There is a very fine line between the ways we process the desire for something in our life. Each of us processes adversity (or Contrast as I like to call it) differently.
When we study how the mind works in assessing or dealing with Contrast, we see two very distinct methods.
When dealing with something like disease, and let’s use Cancer as an example, we tend to look at this ailment as an enemy, as an intruder into our well-being. We hear the term “cancer” and instantly jump to thoughts of “fear”, “death” or “demise”. We tend to see our lives as ruined, as only having a short time left on this earth and that our only way to extend this time is to “fight” against this horrible fate.
At least, this is the auto-response mechanism that is very much the norm.
You likely know someone who has been through cancer, and hopefully you know someone who is thriving and surviving after treatment, no matter what that treatment may have included. Sadly, you also likely know someone who has succumbed to Cancer, and for that I am truly sorry for your loss, and with the recent passing of my wife, Kate I know exactly what you are going through. We have all been touched by this disease in one way or another and it certainly isn’t an easy situation to deal with.
I often refer to the two ways of dealing with contrast as either “Pushing against” or “Pulling towards” and the following is an effective example of this philosophy as it relates to dis-ease and specifically to cancer;
As noted in the book: Radical Remission, by Kelly A. Turner, Phd. there are two types of mental approaches in dealing with Cancer, and for that matter many of life’s contrasts:
1. Having a strong fighting spirit, and
2. Having strong reasons for living.
As Kelly states:
“Most studies have looked at something called a “fighting spirit”, which means you are engaged in a fight against cancer. When a cancer patient has a strong “fighting spirit”, that focus on fighting can lead to a constant, low level, fight-or-flight response in the body, which can weaken the immune system and release a steady stream of stress hormones into the bloodstream. To our hunter-gatherer brains, it’s like constantly feeling as if we need to be fighting a tiger that’s chasing us. Alternatively, having strong reasons to live does not mean you are necessarily fighting anything; instead, it means you are focused on things that bring you joy, meaning, and happiness, and this actually turns off the fight-or-flight response and turns on the rest-and-repair response, which in turn tells the body to release a slew of immune-boosting hormones, such as serotonin, relaxin, oxytocin, dopamine, and endorphins.”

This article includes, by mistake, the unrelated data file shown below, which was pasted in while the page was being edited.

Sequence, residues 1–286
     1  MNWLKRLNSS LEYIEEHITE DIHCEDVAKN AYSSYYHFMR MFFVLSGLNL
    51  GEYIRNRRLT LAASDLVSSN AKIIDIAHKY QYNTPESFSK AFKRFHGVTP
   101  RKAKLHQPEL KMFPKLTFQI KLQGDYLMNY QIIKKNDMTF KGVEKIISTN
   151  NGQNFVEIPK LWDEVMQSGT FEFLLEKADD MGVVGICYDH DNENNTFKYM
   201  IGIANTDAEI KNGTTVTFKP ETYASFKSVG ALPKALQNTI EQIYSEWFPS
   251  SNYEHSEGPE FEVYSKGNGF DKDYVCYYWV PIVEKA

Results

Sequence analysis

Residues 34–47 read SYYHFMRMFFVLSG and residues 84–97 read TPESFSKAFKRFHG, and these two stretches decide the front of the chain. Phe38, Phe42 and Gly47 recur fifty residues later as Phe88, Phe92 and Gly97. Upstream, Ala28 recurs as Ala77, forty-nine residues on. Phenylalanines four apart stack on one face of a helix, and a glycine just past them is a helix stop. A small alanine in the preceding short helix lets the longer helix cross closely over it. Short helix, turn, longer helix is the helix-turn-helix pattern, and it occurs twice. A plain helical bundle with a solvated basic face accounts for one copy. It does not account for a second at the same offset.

In other words, contrary to popular belief, when we join the “fight against cancer” we could actually be doing more harm to our bodies that we are good. Your body cannot heal in the flight-or-flight response mode.
In Kelly Turner’s studies of Radical Remission survivors, having a strong reason to live is one of the traits that each of them possessed.
To truly reach towards your desire, or in this case, optimal health, my tip is to make your desire one of a positive nature.
Pull towards your reasons for living, for getting up in the morning, for being happy. Focus on the things that you wish to do and to be. Put your energy towards the good that you wish to see, and not the situation you are currently in. I get that this may be a difficult transition to make, but by doing so, you will, at the very least, improve the experience you are having .
As noted above, when we do this, we change our internal chemistry and help in the healing process.
And when we change our state of focus we attract to us circumstances, situations and events that align with these positive thoughts. My vision is to see you move to a more positive environment and stay there, regardless of the contrast you’re presented. Remember, we can’t always choose what happens to us, however we always have the choice to how we respond to it.
Live Life Awake!
Mental Fitness Coach